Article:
> > > What does this mean?
> > >
> > > Well, it requires the leads of a given project to create a
> > > policy about which
> > > boost libraries are approved and which ones aren't.
> > >
> > > Because of the difficulty of doing this, after a while,
> > > its can become
> > > eaiser to just say "screw it". We won't use boost at all.
> >
> >> I don't see why dependencies among Boost libraries would
> >> lead to picking and choosing which are approved.
> This is a key issue. Because boost does not allow you to
> choose only select libraries, you must use all of boost.

You haven't addressed my earlier question: why shouldn't Boost libraries reuse others? If those dependencies aren't managed as nicely as they otherwise could be, make concrete suggestions. However, asking Boost libraries to be independent of all the rest is a ridiculous imposition.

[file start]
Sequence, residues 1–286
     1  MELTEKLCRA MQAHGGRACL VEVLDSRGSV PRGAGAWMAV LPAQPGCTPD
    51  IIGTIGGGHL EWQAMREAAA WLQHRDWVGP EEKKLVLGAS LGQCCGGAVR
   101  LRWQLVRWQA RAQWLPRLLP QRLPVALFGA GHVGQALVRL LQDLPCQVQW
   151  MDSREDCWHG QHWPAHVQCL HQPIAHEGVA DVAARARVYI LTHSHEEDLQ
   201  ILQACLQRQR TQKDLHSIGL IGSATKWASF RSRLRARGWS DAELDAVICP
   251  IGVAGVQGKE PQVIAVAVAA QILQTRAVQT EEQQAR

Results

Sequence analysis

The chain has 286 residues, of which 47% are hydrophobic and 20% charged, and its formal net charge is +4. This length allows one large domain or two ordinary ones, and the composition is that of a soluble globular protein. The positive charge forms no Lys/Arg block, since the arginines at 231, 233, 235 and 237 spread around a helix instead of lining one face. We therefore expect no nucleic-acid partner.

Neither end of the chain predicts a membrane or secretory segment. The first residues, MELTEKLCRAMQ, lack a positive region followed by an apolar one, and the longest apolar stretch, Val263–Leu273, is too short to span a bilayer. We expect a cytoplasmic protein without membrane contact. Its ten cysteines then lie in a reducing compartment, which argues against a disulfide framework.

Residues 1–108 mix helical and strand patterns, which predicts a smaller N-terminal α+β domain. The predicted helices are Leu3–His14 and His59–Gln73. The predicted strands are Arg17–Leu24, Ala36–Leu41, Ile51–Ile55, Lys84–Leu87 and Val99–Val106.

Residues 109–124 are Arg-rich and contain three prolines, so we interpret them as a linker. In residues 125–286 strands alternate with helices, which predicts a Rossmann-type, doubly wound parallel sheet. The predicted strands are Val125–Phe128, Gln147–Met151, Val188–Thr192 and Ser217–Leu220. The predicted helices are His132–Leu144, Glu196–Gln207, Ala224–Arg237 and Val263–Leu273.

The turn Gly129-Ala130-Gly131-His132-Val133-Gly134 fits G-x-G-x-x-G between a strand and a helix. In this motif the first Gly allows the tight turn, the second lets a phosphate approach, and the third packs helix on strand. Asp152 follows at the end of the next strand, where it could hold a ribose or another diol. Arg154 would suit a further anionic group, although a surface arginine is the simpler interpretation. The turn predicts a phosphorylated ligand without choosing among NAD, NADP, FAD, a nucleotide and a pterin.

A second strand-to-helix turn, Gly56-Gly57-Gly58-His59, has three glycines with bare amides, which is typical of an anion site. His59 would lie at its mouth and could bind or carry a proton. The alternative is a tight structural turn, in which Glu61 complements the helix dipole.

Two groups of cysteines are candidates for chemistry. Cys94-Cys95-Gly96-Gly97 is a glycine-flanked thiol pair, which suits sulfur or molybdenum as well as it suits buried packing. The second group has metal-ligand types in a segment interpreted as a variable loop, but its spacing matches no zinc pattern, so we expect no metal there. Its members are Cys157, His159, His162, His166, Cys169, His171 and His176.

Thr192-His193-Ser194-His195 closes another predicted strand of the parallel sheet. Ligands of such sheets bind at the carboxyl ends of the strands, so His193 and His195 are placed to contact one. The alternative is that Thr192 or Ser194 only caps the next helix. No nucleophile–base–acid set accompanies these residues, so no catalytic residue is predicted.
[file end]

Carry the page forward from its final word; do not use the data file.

> Project prefer safety to features. If the risks of using
> boost are unclear without is clear policies about exceptions
> and depencies, its easier to not use boost at all so its
> abandoned in its entirety, no matter how much you
> want to use a specific library.

Projects have different needs. Many projects expect and program for exceptions. Such projects will have no problem with this "scary" and "unspecified" aspect of Boost.

Even combined C/C++ projects can wrap useful Boost functionality into a C API or use Boost in the C++ layers, catch and translate all exceptions into error codes, and provide something useful for the C programmers. This is hardly news to most working with both languages.

It seems that you want Boost to cater to C programmers' needs, which is antithetical to Boost's purpose. It is reasonable to ask for specific changes to make throwing exceptions optional, but I don't find anything else concrete in what you're complaining about.

Rob Stewart robert.stewart_at_[hidden]
Software Engineer, Core Software using std::disclaimer;
Susquehanna International Group, LLP